Over the last two weeks there have been a couple of pop-culture controversies: The alleged environmentalist propaganda in WALL*E and the New Yorker cover depicting Barack Obama and his wife as leftist radicals. The first controversy has upset the political right while the second has upset the political left.
First to WALL*E. I saw the movie Saturday with my four-year-old son. The night before we went, the family attended a neighborhood BBQ. While talking to four other guys, the discussion turned into whether or not WALL*E contained leftist environmental propaganda. Two believed that it did. The other two disagreed. I was the only one in the group who hadn’t seen the film and therefore couldn’t comment on it.
When I went to see it the next day with my kid, my eye was open for both subtle and overt political messages in the film.
Much to my surprise, I didn’t find one shred of environmentalist propaganda in the film.
I say this as no big fan of the contemporary environmental movement. Most of the groups are run by a bunch of hypocrites who worship at the altar of global warming but are the first to file suit or protest the construction of wind farm because it will kill birds or ruin the view. Instead of a working towards clean environment while improving everyone’s quality of life, the look to lower it. They want gas, electricity and raw materials to be expensive as possible because they hate it that you fly across country, drive cars, and choose to live in the suburbs – I mean urban sprawl. Instead they want to force you to live they way they think you should live which is something akin to a living one bedroom apartment in the middle of Manhattan, having no more than two kids (the fewer the better), and riding public transportation for the rest of your life. The movement is increasingly sees people, technology, and freedom as the problem instead of the solution.
But back to WALL*E. (Warning: Minor spoilers follow.)
The film centers around a robot named WALLE who lives on Earth 700 years in the future. Humans have long abandoned the planet which has become a giant landfill. WALLE, the last robot of his kind, spends his days compacting and building large towers of trash. He falls in love with a probe named Eve and manages to hitch a ride back to her ship. WALLE discovers that humans live on a big ship where all the do is eat and even the most menial tasks are done automatically for them. As a result, they’re all a bunch of big, fat slobs who waste away their days bored and doing practically nothing.
Just because a movie of book shows a trashed planet 700 years in the future doesn’t mean it’s going to be a preachy. Such depictions of Earth in movies and science fiction literature have been going on a long time. Some have been done for political purposes while others haven’t.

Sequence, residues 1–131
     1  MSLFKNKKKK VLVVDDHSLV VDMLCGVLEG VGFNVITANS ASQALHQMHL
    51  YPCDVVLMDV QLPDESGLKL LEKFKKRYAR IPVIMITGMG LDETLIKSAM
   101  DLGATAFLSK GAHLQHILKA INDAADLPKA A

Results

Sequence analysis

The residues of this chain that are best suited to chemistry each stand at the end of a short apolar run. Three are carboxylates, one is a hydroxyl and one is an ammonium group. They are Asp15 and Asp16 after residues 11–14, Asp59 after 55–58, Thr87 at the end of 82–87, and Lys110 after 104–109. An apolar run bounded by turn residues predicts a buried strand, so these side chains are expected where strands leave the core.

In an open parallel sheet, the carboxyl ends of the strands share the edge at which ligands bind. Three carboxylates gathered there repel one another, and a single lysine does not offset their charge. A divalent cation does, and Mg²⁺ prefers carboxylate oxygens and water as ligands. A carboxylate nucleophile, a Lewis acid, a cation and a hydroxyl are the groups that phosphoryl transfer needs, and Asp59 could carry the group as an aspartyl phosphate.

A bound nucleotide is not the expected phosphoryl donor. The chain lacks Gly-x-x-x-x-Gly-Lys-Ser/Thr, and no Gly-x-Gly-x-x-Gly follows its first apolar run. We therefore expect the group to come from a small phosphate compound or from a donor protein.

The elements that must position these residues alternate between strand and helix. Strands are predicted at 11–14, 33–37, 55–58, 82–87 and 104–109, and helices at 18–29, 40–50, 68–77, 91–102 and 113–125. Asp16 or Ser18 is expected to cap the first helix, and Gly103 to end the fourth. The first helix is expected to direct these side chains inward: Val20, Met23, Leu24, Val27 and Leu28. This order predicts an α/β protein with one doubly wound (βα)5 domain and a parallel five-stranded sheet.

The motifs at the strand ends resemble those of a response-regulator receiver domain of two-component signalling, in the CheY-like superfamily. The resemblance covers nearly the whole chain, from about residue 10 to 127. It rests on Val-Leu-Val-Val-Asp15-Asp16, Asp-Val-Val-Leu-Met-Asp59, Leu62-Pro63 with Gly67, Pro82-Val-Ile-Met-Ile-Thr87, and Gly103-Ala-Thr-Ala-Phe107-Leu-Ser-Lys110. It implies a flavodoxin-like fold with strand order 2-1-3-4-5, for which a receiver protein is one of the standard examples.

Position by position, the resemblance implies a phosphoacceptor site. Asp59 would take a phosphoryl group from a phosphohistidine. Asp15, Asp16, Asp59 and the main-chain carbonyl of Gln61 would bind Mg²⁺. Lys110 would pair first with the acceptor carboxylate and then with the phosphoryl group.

The movie could have been preachy. The writers had every chance knock the human race for destroying the planet. They could have run everyone on a guilt drip for shopping at Wal-Mart, eating super-sized value meals, and become overweight slobs.
But they didn’t.
Instead they focused the story on destroyed planet or the slovenly human race the focused on the love story between WALLE and Eve.
If there was any message in WALL*E it’s that there’s more to life than sitting on your butt all day. Instead of wasting your life live, find love, and enjoy everything that life has to offer.
Where, exactly, is the political message in that?
Yesterday, the much talked about issue of The New Yorker arrived in my mailbox. It wasn’t the content inside the magazine that was getting the attention but the cover. Barack Obama is depicted wearing Muslim garb while Michelle is portrayed as a leftist radical from the 60s. An American flag burns in the fireplace while over the mantle hangs a picture of Osama bin Laden.
If you haven’t seen it, here’s an image.
Of course this sent the media into a tizzy to see their presidential candidate even though The New Yorker’s editor was on practically every media outlet explaining that the cover was a satire of the misperceptions that some people have about the presumptive Democratic nominee.
The media should be given some credit. Remember when they were similarly outraged when George W. Bush and Dick Cheney were portrayed on the cover of The New Yorker as the cowboys in Brokeback Mountain?
Oh, wait. There wasn’t any controversy over that cover. I must have been talking about the time Bush was depicted as Nero – fiddling while the country burned.
Sorry. My bad. There wasn’t any media outrage over that cover either. I was thinking about the one that depicted Bush as surprised it was his fault the country was broken (drawn, by the way, by the same person who did the Obama cover.)
What’s that? Oh, right. There was no indignation or anger – at least in the press – over that one too.
So why the outcry over the Obama cover?
Newsweek’s Eleanor Clift shares a letter from an outraged reader that was also sent to The New Yorker.
There is no journalistic freedom to justify this cartoon that could have easily been generated by the merchants of hate and fear and will certainly be used by them to justify their own moronic diatribes against this most American family.
Clift adds her own two cents.
The problem is not just that the cartoons themselves are racist and tasteless, but they're spreading images that are untrue and deepening a perception that Obama is not what he says he is.
While I agree that The New Yorker’s cover is stupid and in bad taste, I’d also say the same thing about the three other covers. Yet there was no similar outrage over them. A quick search of Newsweek’s archive didn’t show any columns by Clift worried that covers of Bush or Cheney are untrue or deepens a stereotype about them held by many in the political left or “merchants of hate.”
Makes you wonder if The New Yorker had depicted a satirical cover of John McCain, if Clift and others would have expressed similar indignation.